The Kindness of Strangers
Betsy’s first words to me: “How’s the constipation?”
I instantly knew she understood. Chemo, hair loss, fatigue, nausea – these were the usual things people talked about with those of us who had cancer. Not shit. Not lack of it. Not the immobilizing, bloated, out of control, backed up, doubled-over painful, I’d-give-anything-ANYTHING-just-for-a-real-poop existence. But Betsy was up for it. I loved her. I hardly knew her.
We met the previous year. Betsy was a manager for a community action agency, a member of a coalition that hired me to facilitate several meetings. After the first meeting began, Betsy walked into the conference room, her head in a scarf, telegraphing chemo to all attendees.
“I just finished a treatment. Sorry I’m late.” I was the only one surprised. She was talkative, present, unfazed. I found myself staring at her, then not. Then doing it again.
As people filed out of the meeting, Betsy introduced herself to me and apologized again for arriving late. I asked and she told me, “Breast cancer.” We talked briefly and that was that.
I received many, many well-wishing cards when the news of my diagnosis spread. Some were funny, some inspirational. Betsy’s card said, Call me, if you want. Here’s my number. When I received it, I thought, that’s really thoughtful. And then set it aside, in the pile next to the couch. I had lots of friends. I wouldn’t be reaching out to a stranger.
A couple of months into my treatment, when I was feeling every bit as down about having cancer as the brochures in the doctors’ office waiting rooms predicted I would, I grabbed the pile of cards seeking the inspiration and encouragement they were meant to convey. I got to Betsy’s and stopped, realizing I was lonely in a place I hadn’t known I was hurting. It turned out, I didn’t have that many friends who understood cancer. And I hadn’t believed I would get this down or get this lonely. I thought I was protected by my years of therapy, years of moving through my dark places already. Sure, I struggled with depression, but I had a spiritual base. I had prayer and meditation and friends and a gratitude for today.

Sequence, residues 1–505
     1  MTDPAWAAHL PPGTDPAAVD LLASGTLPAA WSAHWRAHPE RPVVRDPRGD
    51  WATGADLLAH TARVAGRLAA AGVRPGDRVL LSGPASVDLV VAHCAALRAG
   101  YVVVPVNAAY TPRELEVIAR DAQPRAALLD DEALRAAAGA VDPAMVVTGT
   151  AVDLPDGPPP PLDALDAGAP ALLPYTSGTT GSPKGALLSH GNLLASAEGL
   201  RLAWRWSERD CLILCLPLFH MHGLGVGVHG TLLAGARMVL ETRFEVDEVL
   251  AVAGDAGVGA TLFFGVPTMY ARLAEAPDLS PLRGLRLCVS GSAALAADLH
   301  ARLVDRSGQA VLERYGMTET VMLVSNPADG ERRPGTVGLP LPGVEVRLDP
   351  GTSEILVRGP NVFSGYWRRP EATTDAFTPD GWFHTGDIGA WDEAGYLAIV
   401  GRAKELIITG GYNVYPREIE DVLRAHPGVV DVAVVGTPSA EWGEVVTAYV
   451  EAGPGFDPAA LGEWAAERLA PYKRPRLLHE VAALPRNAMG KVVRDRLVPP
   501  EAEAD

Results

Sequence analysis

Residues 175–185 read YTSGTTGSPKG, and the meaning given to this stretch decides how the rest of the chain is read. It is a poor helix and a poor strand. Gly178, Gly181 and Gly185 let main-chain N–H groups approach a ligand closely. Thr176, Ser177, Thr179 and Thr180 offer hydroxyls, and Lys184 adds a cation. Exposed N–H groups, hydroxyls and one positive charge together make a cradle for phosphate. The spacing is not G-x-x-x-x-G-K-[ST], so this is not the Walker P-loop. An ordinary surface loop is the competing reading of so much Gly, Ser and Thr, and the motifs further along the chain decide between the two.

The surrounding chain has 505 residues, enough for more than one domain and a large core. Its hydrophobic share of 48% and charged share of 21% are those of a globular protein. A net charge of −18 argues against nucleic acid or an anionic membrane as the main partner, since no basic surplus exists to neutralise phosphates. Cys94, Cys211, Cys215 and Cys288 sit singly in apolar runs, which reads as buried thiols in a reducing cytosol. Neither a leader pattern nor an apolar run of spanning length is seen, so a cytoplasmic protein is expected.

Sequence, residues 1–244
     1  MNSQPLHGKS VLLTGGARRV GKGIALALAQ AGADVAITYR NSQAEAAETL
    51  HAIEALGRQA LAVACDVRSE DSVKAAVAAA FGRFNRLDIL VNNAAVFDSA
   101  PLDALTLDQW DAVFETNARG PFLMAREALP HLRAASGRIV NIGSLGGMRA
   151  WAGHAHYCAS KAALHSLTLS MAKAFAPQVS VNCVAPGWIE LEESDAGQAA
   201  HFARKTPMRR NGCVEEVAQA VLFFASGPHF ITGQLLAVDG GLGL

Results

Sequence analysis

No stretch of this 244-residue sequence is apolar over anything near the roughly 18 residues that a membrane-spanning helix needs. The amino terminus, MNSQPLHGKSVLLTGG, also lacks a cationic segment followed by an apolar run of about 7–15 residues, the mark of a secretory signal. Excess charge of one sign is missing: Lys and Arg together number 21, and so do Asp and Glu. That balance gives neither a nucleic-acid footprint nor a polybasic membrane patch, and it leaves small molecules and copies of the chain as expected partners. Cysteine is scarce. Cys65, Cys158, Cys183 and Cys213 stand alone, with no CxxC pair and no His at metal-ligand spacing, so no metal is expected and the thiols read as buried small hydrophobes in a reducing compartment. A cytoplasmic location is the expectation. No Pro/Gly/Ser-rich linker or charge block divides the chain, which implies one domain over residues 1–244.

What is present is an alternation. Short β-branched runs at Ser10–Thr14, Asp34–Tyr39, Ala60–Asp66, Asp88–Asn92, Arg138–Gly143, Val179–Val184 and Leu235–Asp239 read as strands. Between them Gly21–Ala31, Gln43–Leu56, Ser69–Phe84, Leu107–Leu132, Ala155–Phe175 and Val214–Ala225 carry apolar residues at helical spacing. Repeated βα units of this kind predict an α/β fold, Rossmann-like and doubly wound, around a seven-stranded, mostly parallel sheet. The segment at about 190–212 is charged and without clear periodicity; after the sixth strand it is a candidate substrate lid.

None of which protected me from the impotence of constipation. After an abdominal surgery, everyone checks to make sure the bowels are working. Each person who entered my hospital room – doctor, nurse, Ramona, family member, visitor – expressed preoccupation with my bowels.
“Have you passed gas yet?” they asked.
Mortification ebbed to numb acceptance of my exposure as I lay in bed, waiting, waiting, to pass gas. I could not go home until I could answer yes to the gas question. But the bowels were not moving. No gas came. My first bout of constipation had set in.
The surgery had caused “adhesions,” some kind of internal scarring, complicating the normal course of recovery. By day four, I was crying out for a doctor, sobbing from a pain worse than the surgery. Ramona could only pace the room, undone by my distress, as I lay on my side, yearning to crawl into a fetal position and cradle my wounded self. A resident showed up, talked to me through the side rail of my bed, meeting my eyes. “If I give you a pain killer, it will cause more constipation. I know this hurts, but we have to wait it out.” I looked at his young face and thought, there is no “we” right now.
There was no “we” as the adhesions collided with the cumulative effects of my treatment regimen. Every chemotherapy treatment resulted in constipation. Every pill prescribed to alleviate the side effects of chemotherapy caused constipation. I became crazed waging an anti-constipation war. Senna, Mylax, Fiber One, bran, prunes, Colace. I returned to drinking caffeinated coffee, placing faith in caffeine’s ability to move bowels. I drank more water than I thought I could hold. My bathroom became a ready room.
I will not discuss what happened when my efforts were successful.
Constipation-induced depression had humbled me. I dialed Betsy’s number and stepped into connection with someone outside my circle, someone in the know, someone who understood powerlessness. How’s the constipation? Betsy wasn’t looking for the plucky cancer survivor response and I didn’t give it.
“Oh, thank you for asking!” I laughed, before downloading my despair.
© 2011 Cathy Kidman